British Columbia is known to the rest of the country for three things, mainly: wonderful wilderness, wacky tobacky (marijuana growing and consuming), and wacky politics. We even had a premier back in the 1950's whom everyone called Wacky Bennett and seem always to be dealing with some scandal, fiasco or nail-biting bi-election. We had yet another full-on demonstration of the wackiness of our politics this week, in that, despite polls all pointing to a majority government being formed by one party, when it came down to it, not only did the far-ahead-in-the-polls government lose the election, they even lost several seats in the legislature to candidates from the opposing party. Everyone shook their heads at the result, even the winning party themselves couldn't believe it, and the next day, every type of media available was attempting to unravel the mystery of the Bizarre Provincial Election of 2013. And we are still all talking about it, many of us in mourning for the death of our hopes for a new government to replace the present one who have, from the perspective of many, done enough damage, thank you very much.
One of the main topics of conversation around the proverbial water cooler is the percentage of the electorate who voted, or more accurately, didn't vote. Only 52% of eligible voters took the time and opportunity to mark a ballot and have their vote counted. Apparently, according to some statistics I read this week, in 1983 70% of the electorate voted and the numbers have been sliding ever since. Theories as to why this is the case abound, as well as ideas of what to do about it. I find the numbers disheartening. Here we are in a democratic country where no one has to risk their lives to vote, where women can vote, where one's local candidates will find a ride for you to the voting station, and where every effort is made to make voting easy and convenient - although one cannot, as yet, vote on a smartphone in between updating one's Facebook status - and yet nearly half of eligible voters still refuse to exercise their democratic right to help choose their next representative in the capital, Victoria, a city celebrating all things Victorian this Victoria Day weekend.
I wonder just what it is that causes so many not to vote. Is it a feeling of disconnection? Is it a 'none of the above' response to the available candidates? Is it due to sense of helplessness in the grand scheme of things? Is it laziness? Anarchy? Anti-government sensibilities? Ignorance as to what it is our Members of the Legislative Assembly actually do in Victoria? I wish there was a way to find out why people don't vote, and a better way to engage voters. I really don't think the television commercials and endless messages via social media are doing it, not because TV and social media are not effective tools of communication, but that somehow, the parties go about promoting themselves in the wrong way. One of our parties, the Liberals, chose the attack ad route, resorting to placing a cut-out of the New Democratic Party's leader on a weather vane which moved back and forth to show his apparent 'shift with the wind' policies, and dragging out a long-forgiven forged memo from back in the mid-nineties. The New Democrats decided to run a clean campaign with no attack ads, only somewhat bland commercials showing nicely dressed, smiling folks planting flowers and hiking in the forest with their children and saying, "I'm ready for a change in government," without really pinpointing what that change would look like, specifically. As for the other parties, The Conservatives and The Green Party, along with several independents, they apparently lacked the funds for TV and YouTube spots apart from the televised debate which many analysts say was the turning point in the election. The Green Party ended up with a seat in the Legislature for the very first time, and our Premier actually lost her seat to an NDP candidate. She will now have to convince another winning MLA to give up his or her seat so she can enter the Legislature. Her party, however, did win the election overall, with a resounding lead. Did the attack ads work? Or were people just listening too much to the polls and became apathetic about the other parties actually needing their vote? It is very hard to say, and each party's representatives have convincing arguments to support their point of view.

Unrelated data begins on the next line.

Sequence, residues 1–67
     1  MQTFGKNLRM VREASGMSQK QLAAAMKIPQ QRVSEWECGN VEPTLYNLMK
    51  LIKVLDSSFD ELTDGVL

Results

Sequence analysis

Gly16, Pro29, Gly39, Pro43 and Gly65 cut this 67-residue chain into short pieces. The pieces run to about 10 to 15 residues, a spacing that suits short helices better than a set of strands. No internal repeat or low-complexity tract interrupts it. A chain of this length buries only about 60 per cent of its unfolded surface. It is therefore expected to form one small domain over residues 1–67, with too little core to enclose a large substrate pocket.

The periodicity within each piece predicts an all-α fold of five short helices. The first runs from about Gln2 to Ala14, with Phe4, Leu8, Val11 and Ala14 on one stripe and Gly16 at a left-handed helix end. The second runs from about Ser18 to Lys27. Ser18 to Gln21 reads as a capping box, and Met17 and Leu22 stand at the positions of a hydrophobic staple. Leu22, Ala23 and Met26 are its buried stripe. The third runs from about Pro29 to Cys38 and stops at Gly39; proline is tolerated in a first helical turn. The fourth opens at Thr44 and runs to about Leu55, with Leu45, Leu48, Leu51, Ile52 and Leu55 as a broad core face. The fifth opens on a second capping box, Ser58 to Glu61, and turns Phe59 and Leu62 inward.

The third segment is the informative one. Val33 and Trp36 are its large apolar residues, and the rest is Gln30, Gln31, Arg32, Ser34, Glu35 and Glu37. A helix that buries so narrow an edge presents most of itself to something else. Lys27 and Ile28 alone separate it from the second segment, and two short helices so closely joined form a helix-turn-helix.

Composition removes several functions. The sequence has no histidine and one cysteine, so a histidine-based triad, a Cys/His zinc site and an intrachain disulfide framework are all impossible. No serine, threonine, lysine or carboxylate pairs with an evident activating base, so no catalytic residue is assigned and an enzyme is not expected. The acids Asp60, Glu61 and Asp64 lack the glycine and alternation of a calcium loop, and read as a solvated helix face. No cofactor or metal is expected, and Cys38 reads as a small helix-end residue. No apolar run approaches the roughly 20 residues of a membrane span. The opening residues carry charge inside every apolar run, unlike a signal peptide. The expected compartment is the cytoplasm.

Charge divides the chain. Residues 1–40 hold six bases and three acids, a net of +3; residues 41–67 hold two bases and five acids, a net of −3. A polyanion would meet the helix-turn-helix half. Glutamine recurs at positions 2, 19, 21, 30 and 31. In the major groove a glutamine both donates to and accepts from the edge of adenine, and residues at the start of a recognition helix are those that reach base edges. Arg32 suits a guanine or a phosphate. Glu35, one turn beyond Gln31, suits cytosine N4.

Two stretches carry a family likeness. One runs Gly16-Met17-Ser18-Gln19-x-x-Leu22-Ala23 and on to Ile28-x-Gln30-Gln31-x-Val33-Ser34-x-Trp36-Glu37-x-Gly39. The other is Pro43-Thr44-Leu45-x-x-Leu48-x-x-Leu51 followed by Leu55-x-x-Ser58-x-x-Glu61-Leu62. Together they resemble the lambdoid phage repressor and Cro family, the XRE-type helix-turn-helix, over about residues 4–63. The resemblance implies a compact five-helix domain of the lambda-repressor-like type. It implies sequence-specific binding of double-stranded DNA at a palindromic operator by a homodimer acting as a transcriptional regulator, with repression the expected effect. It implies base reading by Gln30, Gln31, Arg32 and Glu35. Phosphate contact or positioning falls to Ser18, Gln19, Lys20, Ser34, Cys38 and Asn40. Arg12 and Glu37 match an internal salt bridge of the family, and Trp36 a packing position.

On election night I heard one analyst say that "this election will be studied in universities and books will be written about it." The result was certainly unexpected, but by now, we in British Columbia should expect the unexpected when it comes to our politics. The sun will go on rising and setting no matter which party is in power, but if 48% of us are not voting, we need an overhaul of the system, or societal attitudes for that matter, because the issues at stake are huge for us all. Jobs, the environment, stagnating inflation, education, rising medical costs, child poverty, increased homelessness, disenfranchised youth, funding for arts, culture and heritage (okay, maybe we don't all care about that, but I do!) - how can anyone say they are not personally affected by the decisions made by a bunch of suits in Victoria? How can anyone say their vote does not matter? If only 52% of us vote, how can an election not have some elements of a farcical comedy?
Have a lovely weekend, all! It's a nice, long one here. The above photo of the Parliament Buildings in Victoria is from The Georgia Straight publication. Looks a bit stormy, doesn't it?